The comparing and discarding process performed by the store and compare unit 80 means that by the time the fourth motion vector has been tested, the motion vector number held in the store and compare unit corresponds to that motion vector for which the normalised SAD value generated from blocks of the input frames pointed to by that motion vector is the lowest, thereby indicating the highest degree of correlation between those blocks. At the end of the testing process the vector number appropriate to the output pixel is supplied on an output 82 by the store and compare unit 80.

FIG. 4 illustrates five examples (a) to (e) showing the operation of the position detector 68, the masker 76 and the normaliser 78. In each of the examples the blocks of 55 pixels centred on the pixel pointed to by the motion vector under test are shown for each of the input frames (input frame 1 and input frame 2). The actual pixel pointed to by the motion vector under test is indicated by an "X" in the central position of the blocks, and the border of the respective input frame is shown by a bold line through the blocks. The blocks are arranged as five rows, designated R0 to R4, and five columns, designated C0 to C4. Pixels in the blocks falling outside the respective input frame are shown in broken line.

In the first example, example (a) shown in FIG. 4, the top row, R0, in each of the test blocks falls outside its respective input frame. This is detected by the position detectors 68 which instruct the masker 76 to set all of the absolute difference values calculated using pixels in the row R0 to zero. However 20 usable absolute difference values have been calculated, using pairs of pixels at the positions (C0, R1) through to (C4, R4). Accordingly the sum of these 20 absolute difference values is normalised by multiplying the sum by 25/20.

In the second example, example (b), all of the pixels in the test block in the input frame 1 lie within that input frame, but the test block in the input frame 2 overlaps a corner of that input frame so that one row (R0) and one column (C4) of that test block lie outside the input frame 2. The position detector 68 for the input frame 1 does not generate any masking signals but the position detector 68 for the input frame 2 generates signals indicating that the row R0 and the column C4 should be masked. After this masking has been performed by the masker 76, 16 out of the possible 25 pairs of pixels in the test blocks have been used to generate an SAD value, so a normalisation factor of 25/16 is applied.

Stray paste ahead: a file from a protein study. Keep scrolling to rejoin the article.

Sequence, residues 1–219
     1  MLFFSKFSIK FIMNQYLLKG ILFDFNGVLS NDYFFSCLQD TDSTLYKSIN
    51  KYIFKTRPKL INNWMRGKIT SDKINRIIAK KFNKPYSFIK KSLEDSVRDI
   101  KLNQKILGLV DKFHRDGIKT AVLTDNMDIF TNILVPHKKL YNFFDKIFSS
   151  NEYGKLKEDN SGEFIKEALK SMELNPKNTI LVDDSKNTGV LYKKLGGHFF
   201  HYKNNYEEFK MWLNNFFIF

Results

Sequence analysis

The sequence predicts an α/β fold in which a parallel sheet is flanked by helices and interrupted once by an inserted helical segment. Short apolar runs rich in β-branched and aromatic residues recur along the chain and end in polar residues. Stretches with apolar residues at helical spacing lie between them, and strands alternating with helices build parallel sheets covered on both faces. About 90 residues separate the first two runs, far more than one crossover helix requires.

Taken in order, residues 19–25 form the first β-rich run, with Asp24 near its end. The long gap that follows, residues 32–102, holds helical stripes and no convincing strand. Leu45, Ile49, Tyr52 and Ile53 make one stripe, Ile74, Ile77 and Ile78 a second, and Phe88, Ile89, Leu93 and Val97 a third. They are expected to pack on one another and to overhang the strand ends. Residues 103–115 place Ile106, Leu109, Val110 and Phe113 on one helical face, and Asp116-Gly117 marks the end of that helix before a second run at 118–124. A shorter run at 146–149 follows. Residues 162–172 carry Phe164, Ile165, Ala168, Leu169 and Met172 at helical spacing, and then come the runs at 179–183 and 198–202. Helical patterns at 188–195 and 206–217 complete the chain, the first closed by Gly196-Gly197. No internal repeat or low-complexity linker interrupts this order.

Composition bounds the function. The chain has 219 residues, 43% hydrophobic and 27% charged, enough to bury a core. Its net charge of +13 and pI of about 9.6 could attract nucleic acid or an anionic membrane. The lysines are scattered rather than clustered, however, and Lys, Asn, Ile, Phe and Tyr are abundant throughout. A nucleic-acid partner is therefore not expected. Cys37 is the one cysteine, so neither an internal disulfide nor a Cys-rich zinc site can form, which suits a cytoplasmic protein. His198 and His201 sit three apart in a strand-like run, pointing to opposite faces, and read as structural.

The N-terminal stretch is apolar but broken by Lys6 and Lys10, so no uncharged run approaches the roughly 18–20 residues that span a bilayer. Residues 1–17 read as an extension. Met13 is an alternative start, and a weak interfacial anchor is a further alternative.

In the example (c) the actual pixel in the input frame 1 pointed to by the motion vector under test lies outside that input frame. An out of range signal is generated by the position detector for the input frame 1 resulting in an out of range signal 72 at the output of the OR-gate 70. This means that the SAD value generated for that motion vector is automatically discarded by the store and compare unit 80 as described above, so any normalisation is irrelevant.

In the example (d) the test block in the input frame 1 as one row (R0) and one column (C4) of pixels lying outside the input frame, and the test block in the input frame 2 has two rows (R0 and R4) of pixels lying outside that input frame. As described above, the masker 76 operates to mask a row or a column of pixels which lies outside either or both of the test blocks, so masking is applied to the rows R0 and R1 and to the column C4. This masking leaves 12 pixel positions used to generate the SAD value for that motion vector, so a normalisation factor of 25/12 is applied by the normaliser 78.

Finally, the example (e) shows an extreme case of masking in which two rows (R0 and R1) and two columns (C3 and C4) of pixel positions are masked by the masker 76. This leaves 9 pixel positions used to generate the SAD value so the normalisation factor in this case is 25/9.

FIG. 5 is a schematic diagram showing the operation of one of the position detectors 68. The position detector 68 receives a shifted address from the address shifter 66 as an input and supplies a number of outputs, namely: out of range signals (to the OR-gate 70); masking signals (to the masker 76); and the (unchanged) shifted address (to the respective picture segment store 60).

The shifted address input to the position detector 68 is supplied first to a row/column decoder 90 which separates the row address from the column address of the pixel in question (if the shifted address supplied by the address shifter 66 is in a format in which the row and column portions are already separate the row/column decoder will not be necessary). The column address is supplied to two subtractors 92 and 93, one of which (the subtracter 93) subtracts from the column address a value equal to the column address of the first column in the input frame and the other of which (the subtracter 92) subtracts from the column address a value equal to the column address of the last column in the input frame. The respective outputs of the subtractors 92 and 93 are supplied to a number of comparators 96. In particular, the tests performed on the output of the subtracter 92 (in which the address of the last column in the input frame is subtracted from the column address of the current pixel) are as follows: